Some commentators further divide the Medinan beginning with Allah's sanctioning of total war against the infidels i.e. the polytheists followed by His endorsement of a war against the Jews. They point to the attack on Khaibar as that turning point.
I would add a third defining moment, and that would be Allah's sanctioning of attacks on Christians with the Koran's account of the march on the Byzantium settlement of Tabuk and the destruction of the Christian mosque of Medina.
Ascertaining from which period in the Prophet's life a revelation was received is important in determining if something Allah revealed is still valid or has been abrogated i.e. replaced by a subsequent revelation, but it is not, as you will discover, the only criteria.
Abrogated verses and their abrogator are from WikiIslam, November 12, 2014. WikiIslam uses the words abrogated to identify the verse or parts of a verse that are no longer valid, and abrogator to identify the verse or verses or portion of a verse which have replaced or modify the original.
In Let Me Rephrase That! the designation “Before:” begins a list of one or more abrogated verses; “After:” their abrogator(s). In the print edition, the before and after revealed truths appear side by side.
Verses in italics are for continuity and context only.
Wherever you see the command "say", usually at the beginning of a revelation, this is Allah addressing the Prophet Muhammad, telling him what to say, usually in response to an inquiry or accusation made earlier.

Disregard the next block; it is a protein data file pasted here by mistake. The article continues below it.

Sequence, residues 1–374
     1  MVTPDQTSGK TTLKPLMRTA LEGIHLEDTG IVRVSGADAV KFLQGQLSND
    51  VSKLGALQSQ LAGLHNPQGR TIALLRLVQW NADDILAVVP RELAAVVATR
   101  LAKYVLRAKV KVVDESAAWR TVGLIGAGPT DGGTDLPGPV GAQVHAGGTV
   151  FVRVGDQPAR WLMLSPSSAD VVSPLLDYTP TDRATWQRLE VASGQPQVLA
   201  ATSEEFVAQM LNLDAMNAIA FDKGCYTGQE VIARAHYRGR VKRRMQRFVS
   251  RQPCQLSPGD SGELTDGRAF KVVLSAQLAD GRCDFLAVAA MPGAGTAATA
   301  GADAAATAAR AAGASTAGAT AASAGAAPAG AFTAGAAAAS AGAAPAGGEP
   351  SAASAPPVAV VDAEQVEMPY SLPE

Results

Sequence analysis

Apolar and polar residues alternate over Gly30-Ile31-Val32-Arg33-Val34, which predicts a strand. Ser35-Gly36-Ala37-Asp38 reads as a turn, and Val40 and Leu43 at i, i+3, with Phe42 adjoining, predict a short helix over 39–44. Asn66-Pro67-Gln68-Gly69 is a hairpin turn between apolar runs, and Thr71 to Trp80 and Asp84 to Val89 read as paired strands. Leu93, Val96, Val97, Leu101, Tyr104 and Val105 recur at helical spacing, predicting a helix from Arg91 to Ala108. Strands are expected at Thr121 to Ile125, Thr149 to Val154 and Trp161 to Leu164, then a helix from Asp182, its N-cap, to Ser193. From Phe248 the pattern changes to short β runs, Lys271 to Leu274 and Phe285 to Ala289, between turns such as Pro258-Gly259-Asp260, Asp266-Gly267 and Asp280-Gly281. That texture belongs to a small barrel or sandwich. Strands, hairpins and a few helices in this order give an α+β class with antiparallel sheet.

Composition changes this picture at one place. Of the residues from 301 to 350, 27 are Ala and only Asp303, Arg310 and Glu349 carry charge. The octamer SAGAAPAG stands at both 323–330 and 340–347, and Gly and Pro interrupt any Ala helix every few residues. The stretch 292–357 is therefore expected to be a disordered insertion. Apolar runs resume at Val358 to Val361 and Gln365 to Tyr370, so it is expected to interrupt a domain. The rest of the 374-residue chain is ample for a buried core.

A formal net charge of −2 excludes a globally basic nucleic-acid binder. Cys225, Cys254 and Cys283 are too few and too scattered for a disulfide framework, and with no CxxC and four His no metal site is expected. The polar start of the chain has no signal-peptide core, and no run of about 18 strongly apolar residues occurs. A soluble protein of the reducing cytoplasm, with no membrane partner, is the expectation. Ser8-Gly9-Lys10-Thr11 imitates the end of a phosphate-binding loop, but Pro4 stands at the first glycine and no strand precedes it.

Abul A’la Moududi’s (also spelt Maududi) [1903-1979] is a pre-eminent Islamic scholar journalist, theologian, Muslim revivalist, Islamist philosopher and the first recipient of the King Faisal International Award for his services to Islam and Islamic studies. Of the more than 120 books he wrote, he is most famous for his magnum opus The Meaning of the Qur'an. When Fakhry‘s crisp translation is not sufficient, it is Moududi I most often turn to for a clarification which I enclose in round bracket() if inserted inside a verse.() if inserted inside a verse.
I have no hope of competing with scholars who have spent their lifetime trying to make sense of the idiosyncrasies which saturate Islamic scriptures, including the concept of abrogation about which there is much disagreement as to what is abrogated*. Nonetheless, I do offer, where it exists, contextual and historical information about both the abrogated and the abrogator, and where warranted, state the obvious.
* A minority of religious experts question the very concept of abrogation, for it raises doubts about the perfection of the Koran and by extension, that of its author.